I seem to have been doing more conferences and meetings than anything else this year, and it's always fascinating to keep an ear out for what the latest buzz word.
Right now, it is cloud computing, but it is remarkable just how many people are using for a huge range of topics that may, or may not, be what others consider to be cloud computing.
Certainly its true that cloud computing means lots of things to lots of people. To me its the natural progression from what I was working on a few years ago, grids. Grids and cloud computing share many of the same features - large sets of computers that can be used to handle 'work'. The distinction between grids and clouds is that in a grid you tend to have a huge array of computers working on a single tasks or purpose, whereas in a cloud the computing power is a general resource that we can use for pretty much anything.
Others are applying the cloud computing to any large data center of computers. And here cloud computing can be applied, but again a distinct exists in that within the typical data center you would expect computers to be dedicated to individual tasks and to have a certain amount of administration/management overhead. Within cloud computing, the computers are a resource and you can change and redistribute work between machines in the cloud. There also tends to be more autonomy within a cloud than within a typical data center.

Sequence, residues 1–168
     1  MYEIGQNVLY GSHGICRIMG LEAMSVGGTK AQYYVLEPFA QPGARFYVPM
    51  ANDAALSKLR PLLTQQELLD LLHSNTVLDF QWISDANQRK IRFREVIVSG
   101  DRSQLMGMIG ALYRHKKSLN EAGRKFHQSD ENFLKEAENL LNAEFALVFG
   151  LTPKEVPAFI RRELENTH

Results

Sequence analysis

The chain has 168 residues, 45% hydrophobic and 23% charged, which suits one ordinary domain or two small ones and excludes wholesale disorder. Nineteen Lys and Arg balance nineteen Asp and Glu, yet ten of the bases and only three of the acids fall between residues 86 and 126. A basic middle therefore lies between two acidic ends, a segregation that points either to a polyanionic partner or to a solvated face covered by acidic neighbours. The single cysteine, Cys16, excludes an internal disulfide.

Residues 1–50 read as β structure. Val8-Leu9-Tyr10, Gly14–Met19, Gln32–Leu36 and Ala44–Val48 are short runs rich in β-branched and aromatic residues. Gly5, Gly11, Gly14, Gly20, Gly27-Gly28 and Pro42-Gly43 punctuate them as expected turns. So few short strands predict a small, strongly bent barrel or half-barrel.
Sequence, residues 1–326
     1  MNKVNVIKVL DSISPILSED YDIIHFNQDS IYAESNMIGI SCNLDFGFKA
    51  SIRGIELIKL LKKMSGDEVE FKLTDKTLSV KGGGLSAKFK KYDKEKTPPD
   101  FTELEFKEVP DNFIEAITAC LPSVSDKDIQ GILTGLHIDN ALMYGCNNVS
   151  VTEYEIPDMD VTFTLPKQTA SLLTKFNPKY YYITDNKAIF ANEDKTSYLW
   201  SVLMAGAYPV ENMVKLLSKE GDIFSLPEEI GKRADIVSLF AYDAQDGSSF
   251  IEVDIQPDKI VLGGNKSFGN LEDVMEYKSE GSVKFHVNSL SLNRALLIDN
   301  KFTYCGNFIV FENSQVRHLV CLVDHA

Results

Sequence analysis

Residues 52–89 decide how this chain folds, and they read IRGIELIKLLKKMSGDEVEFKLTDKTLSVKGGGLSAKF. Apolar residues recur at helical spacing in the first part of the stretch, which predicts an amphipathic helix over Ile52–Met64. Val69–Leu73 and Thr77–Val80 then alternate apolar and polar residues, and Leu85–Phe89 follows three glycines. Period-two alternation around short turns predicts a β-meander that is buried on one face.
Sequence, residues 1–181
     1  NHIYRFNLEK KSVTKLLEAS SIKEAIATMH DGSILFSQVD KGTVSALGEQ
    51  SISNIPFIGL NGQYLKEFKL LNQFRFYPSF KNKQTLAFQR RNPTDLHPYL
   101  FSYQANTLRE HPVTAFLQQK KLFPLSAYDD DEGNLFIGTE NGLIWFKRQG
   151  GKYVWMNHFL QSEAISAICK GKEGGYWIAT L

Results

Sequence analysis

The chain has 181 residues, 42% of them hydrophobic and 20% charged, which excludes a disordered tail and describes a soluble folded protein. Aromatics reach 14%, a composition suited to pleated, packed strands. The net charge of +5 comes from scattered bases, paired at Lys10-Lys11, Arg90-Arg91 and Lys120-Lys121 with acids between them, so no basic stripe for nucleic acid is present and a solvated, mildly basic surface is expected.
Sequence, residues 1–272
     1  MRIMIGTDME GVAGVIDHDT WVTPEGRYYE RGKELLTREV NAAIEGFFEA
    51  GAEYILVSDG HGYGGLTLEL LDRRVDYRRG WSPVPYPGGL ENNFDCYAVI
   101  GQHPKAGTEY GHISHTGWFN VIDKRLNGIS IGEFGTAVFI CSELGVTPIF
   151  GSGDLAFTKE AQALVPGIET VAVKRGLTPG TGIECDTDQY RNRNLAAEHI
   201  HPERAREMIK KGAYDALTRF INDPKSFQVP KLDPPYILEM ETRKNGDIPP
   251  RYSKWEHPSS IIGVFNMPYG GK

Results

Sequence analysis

So are we all wrong about clouds? Not at all. I think it's clear that cloud computing, like clouds, is a wide ranging description that covers a range of potential uses. What one sees as a cirrus, to another is a cumulonimbus. Both are types of cloud, but having a different structure.
What remains to be seen is whether the current bandwagon of cloud computing will solve some of the wider issues that sit behind these types of installation. Issues such as how cloud computing can help with power consumption, cooling and general computing power issues are in many cases yet to be addressed, but they still apply.